Law enforcement craves data. From rap sheets to confidential informants to the CompStat revolution, law enforcement acquires whatever information it can to manage, solve, and deter criminal behavior. Technological and scientific advances in recent decades have enabled an unprecedented level of surveillance and permitted the storage and easy retrieval of enormous amounts of data. Among the many forms of data currently collected by law enforcement, perhaps none is more potentially powerful than DNA profiles. DNA databasing enables law enforcement to accurately and efficiently identify individuals and to match known DNA profiles to biological crime scene evidence. Dubbed by the United States Supreme Court as “one of the most significant scientific advancements of our era,” DNA databasing makes it possible to solve crimes quickly and confidently, including very old ones, and even to exonerate the wrongfully convicted.
Not surprisingly, law enforcement, legislatures, and courts have spent the last two decades expanding the collection of DNA samples beyond the initial targets of adult violent and sex offenders to compile expansive databases of genetic profiles. Collection is accomplished primarily through contact with the criminal justice system. All states and the federal government compel DNA collection from anyone convicted of a felony. All but four states compel collection from those convicted of selected misdemeanors. But a conviction is not required to trigger DNA collection. The federal government and twenty-seven states collect DNA samples from individuals at arrest (whether the arrest leads to charges or not). Increasingly, law enforcement also obtains DNA samples based on consent, sometimes in exchange for dropping or reducing charges. According to the United States Department of Justice (DOJ), as of September 2014, the National DNA Index System (NDIS) contains over thirteen million offender and arrestee DNA profiles.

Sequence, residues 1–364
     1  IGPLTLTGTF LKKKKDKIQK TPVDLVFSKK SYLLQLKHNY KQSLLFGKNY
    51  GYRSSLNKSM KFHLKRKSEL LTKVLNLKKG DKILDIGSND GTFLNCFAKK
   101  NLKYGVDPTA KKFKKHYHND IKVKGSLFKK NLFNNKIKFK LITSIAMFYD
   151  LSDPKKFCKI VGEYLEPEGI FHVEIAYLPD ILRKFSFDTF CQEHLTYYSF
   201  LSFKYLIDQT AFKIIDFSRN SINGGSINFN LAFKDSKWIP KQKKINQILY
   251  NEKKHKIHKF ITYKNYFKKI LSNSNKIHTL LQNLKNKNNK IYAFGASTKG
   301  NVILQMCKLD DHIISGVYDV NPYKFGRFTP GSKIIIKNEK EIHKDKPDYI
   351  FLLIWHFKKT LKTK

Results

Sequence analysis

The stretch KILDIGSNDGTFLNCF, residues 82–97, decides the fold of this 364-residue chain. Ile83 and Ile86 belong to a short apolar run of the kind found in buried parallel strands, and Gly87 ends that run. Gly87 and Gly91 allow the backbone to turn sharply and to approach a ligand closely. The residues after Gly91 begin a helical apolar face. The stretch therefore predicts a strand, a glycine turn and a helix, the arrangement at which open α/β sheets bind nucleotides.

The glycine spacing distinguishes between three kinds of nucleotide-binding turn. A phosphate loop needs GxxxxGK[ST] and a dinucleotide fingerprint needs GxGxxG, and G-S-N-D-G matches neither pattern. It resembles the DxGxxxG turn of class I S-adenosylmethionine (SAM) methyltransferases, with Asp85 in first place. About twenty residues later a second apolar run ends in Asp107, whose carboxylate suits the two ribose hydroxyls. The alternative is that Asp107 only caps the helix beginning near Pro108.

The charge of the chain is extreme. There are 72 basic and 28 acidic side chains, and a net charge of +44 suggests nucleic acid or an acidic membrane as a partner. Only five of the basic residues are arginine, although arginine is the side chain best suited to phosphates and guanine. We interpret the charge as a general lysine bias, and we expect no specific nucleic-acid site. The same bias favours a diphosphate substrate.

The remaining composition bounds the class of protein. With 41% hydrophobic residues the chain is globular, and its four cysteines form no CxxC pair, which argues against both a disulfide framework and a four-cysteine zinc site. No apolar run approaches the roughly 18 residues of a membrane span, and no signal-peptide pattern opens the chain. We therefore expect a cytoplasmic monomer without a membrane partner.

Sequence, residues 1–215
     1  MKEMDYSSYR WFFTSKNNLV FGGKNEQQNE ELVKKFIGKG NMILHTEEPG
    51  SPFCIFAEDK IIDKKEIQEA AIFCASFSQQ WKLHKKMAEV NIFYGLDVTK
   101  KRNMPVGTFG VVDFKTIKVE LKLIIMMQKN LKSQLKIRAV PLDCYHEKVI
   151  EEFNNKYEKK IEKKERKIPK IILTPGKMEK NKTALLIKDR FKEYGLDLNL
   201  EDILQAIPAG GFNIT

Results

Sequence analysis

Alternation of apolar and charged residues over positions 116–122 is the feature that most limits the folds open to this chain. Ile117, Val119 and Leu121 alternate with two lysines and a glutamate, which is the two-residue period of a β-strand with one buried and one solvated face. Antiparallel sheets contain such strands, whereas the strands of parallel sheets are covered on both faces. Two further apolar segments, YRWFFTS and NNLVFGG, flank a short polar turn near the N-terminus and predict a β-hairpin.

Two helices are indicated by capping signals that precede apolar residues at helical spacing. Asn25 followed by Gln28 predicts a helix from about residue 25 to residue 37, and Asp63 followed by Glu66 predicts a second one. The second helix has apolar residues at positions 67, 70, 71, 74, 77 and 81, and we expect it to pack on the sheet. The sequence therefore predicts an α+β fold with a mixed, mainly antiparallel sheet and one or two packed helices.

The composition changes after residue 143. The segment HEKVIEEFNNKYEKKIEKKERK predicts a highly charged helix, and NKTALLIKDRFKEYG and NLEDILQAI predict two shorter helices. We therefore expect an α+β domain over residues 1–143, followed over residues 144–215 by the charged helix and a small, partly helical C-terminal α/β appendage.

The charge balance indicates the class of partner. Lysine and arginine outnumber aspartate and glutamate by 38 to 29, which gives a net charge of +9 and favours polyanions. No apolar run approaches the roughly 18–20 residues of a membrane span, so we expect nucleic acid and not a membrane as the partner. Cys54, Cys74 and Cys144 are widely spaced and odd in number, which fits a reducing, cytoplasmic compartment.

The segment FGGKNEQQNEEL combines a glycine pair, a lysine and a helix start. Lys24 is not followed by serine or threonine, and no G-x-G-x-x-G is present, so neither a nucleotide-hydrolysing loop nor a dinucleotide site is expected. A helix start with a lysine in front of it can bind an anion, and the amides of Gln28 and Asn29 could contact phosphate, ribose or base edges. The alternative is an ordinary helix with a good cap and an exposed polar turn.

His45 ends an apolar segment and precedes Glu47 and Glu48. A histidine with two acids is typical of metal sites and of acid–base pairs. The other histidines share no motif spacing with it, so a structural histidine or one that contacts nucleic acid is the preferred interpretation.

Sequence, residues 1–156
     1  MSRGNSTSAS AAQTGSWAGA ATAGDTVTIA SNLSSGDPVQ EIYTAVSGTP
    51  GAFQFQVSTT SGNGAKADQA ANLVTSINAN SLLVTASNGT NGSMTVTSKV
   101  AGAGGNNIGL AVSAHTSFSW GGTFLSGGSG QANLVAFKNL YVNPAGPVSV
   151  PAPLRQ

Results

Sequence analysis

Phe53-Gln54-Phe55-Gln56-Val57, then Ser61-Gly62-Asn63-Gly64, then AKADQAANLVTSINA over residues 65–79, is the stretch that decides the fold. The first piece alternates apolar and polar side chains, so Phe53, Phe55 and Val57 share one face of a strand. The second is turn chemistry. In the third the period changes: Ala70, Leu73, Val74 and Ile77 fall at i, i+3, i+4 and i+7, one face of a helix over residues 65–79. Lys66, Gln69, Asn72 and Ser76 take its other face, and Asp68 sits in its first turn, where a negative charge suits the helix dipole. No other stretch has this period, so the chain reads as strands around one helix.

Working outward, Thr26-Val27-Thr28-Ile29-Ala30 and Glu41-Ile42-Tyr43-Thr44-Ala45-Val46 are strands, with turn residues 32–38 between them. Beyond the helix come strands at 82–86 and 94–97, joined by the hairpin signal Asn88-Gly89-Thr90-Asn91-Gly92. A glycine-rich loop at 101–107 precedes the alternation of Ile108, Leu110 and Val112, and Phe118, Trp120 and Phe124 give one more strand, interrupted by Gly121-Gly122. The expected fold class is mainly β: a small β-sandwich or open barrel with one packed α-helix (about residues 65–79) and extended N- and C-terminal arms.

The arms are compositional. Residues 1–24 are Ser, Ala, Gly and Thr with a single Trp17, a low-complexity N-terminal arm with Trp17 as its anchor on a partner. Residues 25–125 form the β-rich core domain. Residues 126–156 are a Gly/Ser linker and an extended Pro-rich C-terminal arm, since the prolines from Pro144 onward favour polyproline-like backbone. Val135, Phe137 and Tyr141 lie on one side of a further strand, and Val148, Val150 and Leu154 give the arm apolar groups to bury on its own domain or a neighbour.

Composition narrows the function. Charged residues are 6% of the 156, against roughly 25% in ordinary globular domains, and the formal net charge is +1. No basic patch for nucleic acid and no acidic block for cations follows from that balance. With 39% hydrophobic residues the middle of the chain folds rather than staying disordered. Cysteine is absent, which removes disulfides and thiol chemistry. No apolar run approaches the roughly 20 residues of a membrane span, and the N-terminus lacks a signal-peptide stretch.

DNA collection is not limited to adults. The federal government and every state but Hawaii mandate DNA collection from juveniles convicted in criminal court. Twenty-nine states likewise mandate DNA collection from juveniles following a delinquency adjudication in juvenile court. Some of these states collect DNA from juveniles for misdemeanor delinquency adjudications. Utah, for example, compels collection from any juvenile fourteen or older adjudicated delinquent for any Class A misdemeanor, a category that includes criminal mischief and possession of more than one, but less than sixteen, ounces of marijuana. In nineteen states, neither a conviction nor an adjudication of delinquency is necessary to compel a juvenile to provide a DNA sample; a mere arrest will suffice. And, as with adults, law enforcement has sought genetic samples from juveniles via consent-based searches, including obtaining a juvenile’s consent to a cheek swab outside the presence and without the permission of the young person’s parent.